In notes a the end of "Unbroken," Laura Hillenbrand describes the stories she is drawn to by saying, "In times of extremity, ordinary individuals must reach into the depths of themselves, and there they find the true content of their character. Some find . . . wondrous virtues - courage, resourcefulness, self-sacrifice, daring, ingenuity, the will to solder on when will is all they have left. These are the virtues that turn history, and these are the virtues that enable individuals to prevail in the supreme trials of their lives."
A rowing race is a time of "extremity," a time when competitors push their limits, perhaps to the point where "will is all they have left." When we watch sports on TV, we often forget that we are seeing not only a display of skill, but also a display of stamina and will to persevere. When we watch a rowing regatta, the same is true - it is almost impossible to imagine the extremities of fatigue and wind that the competitors are experiencing in the boat as we watch from a chair along the shore.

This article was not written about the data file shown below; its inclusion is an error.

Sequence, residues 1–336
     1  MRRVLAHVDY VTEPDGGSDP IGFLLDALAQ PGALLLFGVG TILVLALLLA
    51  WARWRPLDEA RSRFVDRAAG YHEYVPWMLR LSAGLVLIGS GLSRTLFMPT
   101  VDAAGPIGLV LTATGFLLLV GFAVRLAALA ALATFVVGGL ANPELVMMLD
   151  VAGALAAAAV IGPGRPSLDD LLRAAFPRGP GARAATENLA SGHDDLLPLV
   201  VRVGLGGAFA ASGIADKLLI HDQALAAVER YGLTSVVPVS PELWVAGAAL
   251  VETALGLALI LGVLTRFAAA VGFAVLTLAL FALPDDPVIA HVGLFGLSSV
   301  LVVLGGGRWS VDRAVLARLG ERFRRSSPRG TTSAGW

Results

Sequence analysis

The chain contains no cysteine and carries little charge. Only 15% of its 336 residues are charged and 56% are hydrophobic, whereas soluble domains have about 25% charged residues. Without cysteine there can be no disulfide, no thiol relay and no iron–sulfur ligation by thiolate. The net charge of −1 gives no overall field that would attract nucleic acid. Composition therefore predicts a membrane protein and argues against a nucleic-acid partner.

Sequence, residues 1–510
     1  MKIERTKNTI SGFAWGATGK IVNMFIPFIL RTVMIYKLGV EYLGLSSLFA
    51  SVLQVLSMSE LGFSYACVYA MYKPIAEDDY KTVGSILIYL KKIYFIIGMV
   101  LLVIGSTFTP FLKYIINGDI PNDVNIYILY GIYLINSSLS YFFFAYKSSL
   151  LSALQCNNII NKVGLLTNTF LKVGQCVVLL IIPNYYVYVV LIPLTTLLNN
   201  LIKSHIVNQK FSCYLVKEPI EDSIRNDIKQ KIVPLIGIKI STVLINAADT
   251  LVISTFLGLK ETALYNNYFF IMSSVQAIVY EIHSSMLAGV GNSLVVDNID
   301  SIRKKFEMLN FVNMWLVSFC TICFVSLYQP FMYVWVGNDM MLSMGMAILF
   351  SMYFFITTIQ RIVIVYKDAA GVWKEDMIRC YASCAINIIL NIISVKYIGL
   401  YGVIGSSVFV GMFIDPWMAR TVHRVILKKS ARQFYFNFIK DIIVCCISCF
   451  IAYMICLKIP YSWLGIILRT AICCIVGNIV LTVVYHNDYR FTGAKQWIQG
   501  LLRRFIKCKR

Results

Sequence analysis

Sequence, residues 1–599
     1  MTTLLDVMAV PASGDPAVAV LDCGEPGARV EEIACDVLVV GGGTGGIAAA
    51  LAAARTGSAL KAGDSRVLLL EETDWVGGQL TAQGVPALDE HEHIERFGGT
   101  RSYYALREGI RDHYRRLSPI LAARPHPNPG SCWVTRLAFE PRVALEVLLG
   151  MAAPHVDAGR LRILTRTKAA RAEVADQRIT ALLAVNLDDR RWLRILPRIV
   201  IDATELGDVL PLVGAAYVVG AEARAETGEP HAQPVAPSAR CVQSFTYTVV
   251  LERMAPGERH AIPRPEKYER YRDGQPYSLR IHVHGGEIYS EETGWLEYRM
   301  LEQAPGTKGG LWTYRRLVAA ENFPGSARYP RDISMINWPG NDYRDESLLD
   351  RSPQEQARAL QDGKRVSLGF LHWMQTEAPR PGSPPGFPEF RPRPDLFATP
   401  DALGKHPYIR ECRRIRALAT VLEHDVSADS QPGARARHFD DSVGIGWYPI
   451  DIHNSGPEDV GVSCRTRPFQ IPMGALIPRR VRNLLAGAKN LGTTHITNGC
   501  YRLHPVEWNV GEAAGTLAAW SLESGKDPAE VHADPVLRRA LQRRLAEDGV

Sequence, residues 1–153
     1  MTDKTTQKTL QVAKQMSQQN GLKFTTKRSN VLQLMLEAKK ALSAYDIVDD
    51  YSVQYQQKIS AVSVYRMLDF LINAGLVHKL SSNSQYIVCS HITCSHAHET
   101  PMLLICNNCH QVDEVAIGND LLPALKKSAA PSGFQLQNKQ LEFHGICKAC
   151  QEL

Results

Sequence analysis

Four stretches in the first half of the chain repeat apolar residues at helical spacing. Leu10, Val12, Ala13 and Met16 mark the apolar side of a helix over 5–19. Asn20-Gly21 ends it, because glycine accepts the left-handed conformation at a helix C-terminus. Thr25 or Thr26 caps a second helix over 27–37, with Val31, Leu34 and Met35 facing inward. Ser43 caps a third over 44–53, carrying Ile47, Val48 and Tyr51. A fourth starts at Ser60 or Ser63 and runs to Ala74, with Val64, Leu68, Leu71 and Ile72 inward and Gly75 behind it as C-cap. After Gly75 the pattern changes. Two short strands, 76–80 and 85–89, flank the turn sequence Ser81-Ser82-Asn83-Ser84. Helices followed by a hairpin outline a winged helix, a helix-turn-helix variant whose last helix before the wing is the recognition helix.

Is the faster crew winning because of natural physical endowments such as greater size? Or is it more skillful technique? Or is their speed in the second half of the race due more to trained fitness and a highly developed will to persist?
Any rower will tell you, you have to put in the miles on the river in order to have speed in a race. But it is not just miles rowed; it is also the level of effort, the experience of being winded and accepting it and going on regardless. It is experiencing the desire to stop or slow down and developing the mental toughness to continue in spite of that feeling. It is the experience of the mind and guts being stronger than the doubts and fears, and of training through former weakness to a higher level of functioning. It is training the body and using the body's incredible natural reaction to healthy demands, resulting in increased capability.